On the flip side, larger companies are under more scrutiny and are likelier to face legal trouble. Also, by virtue of their workforce size and societal footprint, their actions have greater impact. To take one example, JPMorgan Chase’s efforts to close the gender pay gap affects 250,000 workers.

Disney and Mastercard are prominent constituents in both benchmarks. Disney has a diverse board and a strong discrimination policy. Mastercard is one of the top scoring U.S. companies on gender issues according to Equileap.

Plenty of blue chips fail to make the cut. Among the largest of U.S. companies, Apple, Berkshire Hathaway, Facebook, and UnitedHealth are notable for their absences in both indexes. Visa, Cisco, and Boeing qualify for the Minority Empowerment Index but not the Women’s Empowerment Index. Exxon Mobil, Amgen, and Union Pacific make it into the Women’s Empowerment Index but not the Minority Empowerment Index.

Diverse and inclusive companies exhibit other positive attributes

The constituents of the Morningstar Minority Empowerment Index and the Morningstar Women’s Empowerment Index tend to be less volatile and possessed of stronger competitive advantages and healthier balance sheets compared with the overall market. This analysis relies on the Morningstar Global Risk Model, which tracks securities’ exposure to dozens of factors, or sources of return. Both indexes beat their parent—the Morningstar® U.S. Large-Mid Cap Index™—on measures of volatility, economic moat, and financial health.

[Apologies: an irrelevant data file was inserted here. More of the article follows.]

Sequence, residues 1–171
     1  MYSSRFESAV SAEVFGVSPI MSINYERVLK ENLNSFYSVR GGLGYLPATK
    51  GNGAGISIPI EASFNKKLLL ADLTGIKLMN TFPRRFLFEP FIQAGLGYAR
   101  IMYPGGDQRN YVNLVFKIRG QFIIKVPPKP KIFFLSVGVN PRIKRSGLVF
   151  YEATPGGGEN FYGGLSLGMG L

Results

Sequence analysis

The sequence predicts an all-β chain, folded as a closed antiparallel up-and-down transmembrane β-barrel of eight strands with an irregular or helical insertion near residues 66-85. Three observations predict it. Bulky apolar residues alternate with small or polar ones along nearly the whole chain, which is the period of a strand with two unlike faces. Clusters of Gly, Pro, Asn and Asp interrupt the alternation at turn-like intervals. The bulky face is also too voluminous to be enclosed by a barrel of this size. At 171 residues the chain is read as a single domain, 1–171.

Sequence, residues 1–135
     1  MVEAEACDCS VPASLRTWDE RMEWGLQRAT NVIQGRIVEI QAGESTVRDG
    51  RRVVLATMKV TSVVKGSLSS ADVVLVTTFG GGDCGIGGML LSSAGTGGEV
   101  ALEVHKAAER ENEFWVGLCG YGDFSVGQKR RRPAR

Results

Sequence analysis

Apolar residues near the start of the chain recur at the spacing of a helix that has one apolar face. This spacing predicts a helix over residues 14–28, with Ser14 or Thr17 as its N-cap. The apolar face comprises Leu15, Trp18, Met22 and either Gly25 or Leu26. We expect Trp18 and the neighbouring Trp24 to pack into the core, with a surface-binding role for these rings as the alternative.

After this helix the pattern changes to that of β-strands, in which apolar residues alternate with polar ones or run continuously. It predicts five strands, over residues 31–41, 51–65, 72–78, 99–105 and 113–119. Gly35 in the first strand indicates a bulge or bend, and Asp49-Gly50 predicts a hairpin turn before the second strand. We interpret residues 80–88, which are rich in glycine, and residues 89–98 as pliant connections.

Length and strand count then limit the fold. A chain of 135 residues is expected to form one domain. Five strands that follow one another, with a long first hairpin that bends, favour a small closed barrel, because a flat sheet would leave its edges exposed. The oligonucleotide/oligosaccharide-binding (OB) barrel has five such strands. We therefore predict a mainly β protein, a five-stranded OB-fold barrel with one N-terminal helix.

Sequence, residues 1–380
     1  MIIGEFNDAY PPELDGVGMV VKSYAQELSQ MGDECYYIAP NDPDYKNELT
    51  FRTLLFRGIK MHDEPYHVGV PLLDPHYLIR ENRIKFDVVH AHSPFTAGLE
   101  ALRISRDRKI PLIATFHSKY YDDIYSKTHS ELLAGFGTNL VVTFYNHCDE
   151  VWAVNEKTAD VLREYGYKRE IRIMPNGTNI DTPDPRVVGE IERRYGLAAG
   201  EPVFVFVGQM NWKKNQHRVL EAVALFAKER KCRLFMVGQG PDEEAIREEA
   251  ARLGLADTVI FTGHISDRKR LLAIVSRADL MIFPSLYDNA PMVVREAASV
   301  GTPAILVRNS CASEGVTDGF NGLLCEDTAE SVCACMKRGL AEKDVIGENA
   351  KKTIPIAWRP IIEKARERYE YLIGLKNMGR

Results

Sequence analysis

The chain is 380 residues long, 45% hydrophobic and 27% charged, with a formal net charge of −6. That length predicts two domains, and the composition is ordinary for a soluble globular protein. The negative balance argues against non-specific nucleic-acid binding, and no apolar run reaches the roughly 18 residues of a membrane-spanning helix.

While performance of the indexes will inevitably vacillate over time, it’s likely that these holdings-based attributes will endure. The results of the Global Risk Model analysis are consistent with other Morningstar research linking sustainable investments to these factors. Companies serious about diversity, inclusion, and other sustainability criteria tend to be strategic in nature, focused more on building a durable long-term franchise than beating next quarter’s earnings.

Please see below for important disclosure. 

Read more about sustainable investing in our white paper "Does Investing Sustainably Mean Sacrificing Return?"

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Important disclosure

The information, data, analyses and opinions contained herein (1) include the confidential and proprietary information of Morningstar, (2) may not be copied or redistributed, (3) do not constitute investment advice offered by Morningstar, (4) are provided solely for informational purposes and therefore are not an offer to buy or sell a security, and (5) are not warranted to be correct, complete or accurate. Except as otherwise required by law, Morningstar shall not be responsible for any trading decisions, damages or other losses resulting from, or related to, this information, data, analyses or opinions or their use. Opinions expressed are as of the date written and are subject to change without notice. Investment research is produced and issued by subsidiaries of Morningstar, Inc. including, but not limited to, Morningstar Research Services LLC, registered with and governed by the U.S. Securities and Exchange Commission.